Doris Day says: Get organized!
By Doris Day, as told to Margaret Waite
Have you longed for the uncluttered life? Doris Day reveals her plan for becoming an “ex-Aimless” and an “ex-Chaotic”
Some time ago, I came to the unhappy conclusion that everything in the world is orderly except the people in it!
Tulips are reliable; so are the tides. You can count on things like Old Faithful, grunions, monsoons. Caterpillars become butterflies in due course. Beavers build dams. Salmon swim home to spawn, and swallows make it back to Capistrano on schedule.
All the things in nature follow an orderly and logical pattern.
But orderly people are a minority — a persecuted minority, I might add. If you lead an organized, well-ordered life, you’re considered dull, plodding, unimaginative — or, to put it bluntly, a square.
Personally, I like well-ordered lives, and I’d like to achieve one. With me, it’s almost a matter of self-preservation. Spiritual self-preservation, let us say.
The world is so full of wonderful, exciting, beautiful, and inspiring things to do. There are so many things of lasting value to be discovered, so many pleasures of the mind to be sought out and explored that I just don’t want to squander my leisure time foolishly.
I guess I’m a miser where time is concerned. It is the greatest treasure I know.
Doris Day explains the Aimless and the Chaotic
The downfall of most of us women is a lack of personal organization.
I would say that, generally speaking, there are two types of disorganized women — the Aimless and the Chaotic.
The Aimless means well, but her days run together in an indistinct blur. She can’t seem to get with it. She makes lots of plans, but she’s a non-follower-through.
She sits around all day thinking about all the things she should be doing and meant to do. She usually eats a lot of candy while she’s doing this, and all she ever gets is fat.
The Chaotic buzzes around like mad. She has projects going, all right, but none of them ever seems to jell, largely because of her personal engineering problems. Her energies are dissipated before they ever get her off the ground. She’s traveling in all directions at once and getting nowhere.
Busy women need to organize their lives
I have been both an Aimless and a Chaotic in my time. I don’t know where I stand right now. Possibly I’m a combination of the two.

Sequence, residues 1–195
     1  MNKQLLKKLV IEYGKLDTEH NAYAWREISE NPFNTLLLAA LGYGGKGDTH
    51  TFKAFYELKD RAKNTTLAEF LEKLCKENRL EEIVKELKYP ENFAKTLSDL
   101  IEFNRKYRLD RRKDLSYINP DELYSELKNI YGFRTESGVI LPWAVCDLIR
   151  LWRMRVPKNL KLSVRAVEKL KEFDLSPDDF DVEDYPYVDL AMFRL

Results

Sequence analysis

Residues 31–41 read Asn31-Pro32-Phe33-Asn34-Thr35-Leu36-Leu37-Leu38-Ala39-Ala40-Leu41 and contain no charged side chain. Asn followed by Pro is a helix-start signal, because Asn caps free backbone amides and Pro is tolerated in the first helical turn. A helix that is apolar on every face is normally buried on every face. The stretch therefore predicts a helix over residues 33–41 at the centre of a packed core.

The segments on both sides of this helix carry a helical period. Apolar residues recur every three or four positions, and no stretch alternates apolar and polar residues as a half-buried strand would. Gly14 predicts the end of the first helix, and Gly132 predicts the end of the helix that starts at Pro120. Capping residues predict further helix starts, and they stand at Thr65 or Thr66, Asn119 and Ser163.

But I’ve decided it’s time for a change. Call me a square if you like, but I believe in planning. Long-range planning and short-range planning. Planning the years and planning the minutes. I’ve seen it work.
I think it’s terribly important for a woman to organize her life as far as being busy is concerned.
I’m sort of a composite person myself. Part of the time, during picture production, I am a working girl with long grueling hours. And part of the time, I am a housewife with a greater or lesser amount of leisure. So I run in both categories.
Doris Day: Do the things that are important to you
But one of the basic things I have learned through the years is that no matter how busy you are, you can always make time to do the things that are important to you.
I don’t think that any life need be an endless round of routine tasks. Women were not meant for this alone. If we can get ourselves organized and budget our time, we’ll have every chance to broaden our lives just as wide as we want to make them, to do the things we enjoy, the things that are constructive, and the things that give us peace of mind. The horizons are limitless.
If we can’t go to New York to see the plays, let’s get the books and read them. If we can’t go to France, then let’s study French at night school just in case maybe we can go someday.
Let’s take up tennis or join a gym for physical and mental well-being. Study art — alone or in groups. Take courses. Go to lectures. Let’s find out all we can about things in people.
I’ve always loved the Robert Louis Stevenson jingle I memorized as a little girl from A Child’s Garden of Verses:
The world is so full of a number of things,
I’m sure we should all be as happy as kings.
MORE: Betty White said that success isn’t easy, but she doesn’t believe in defeat (1954)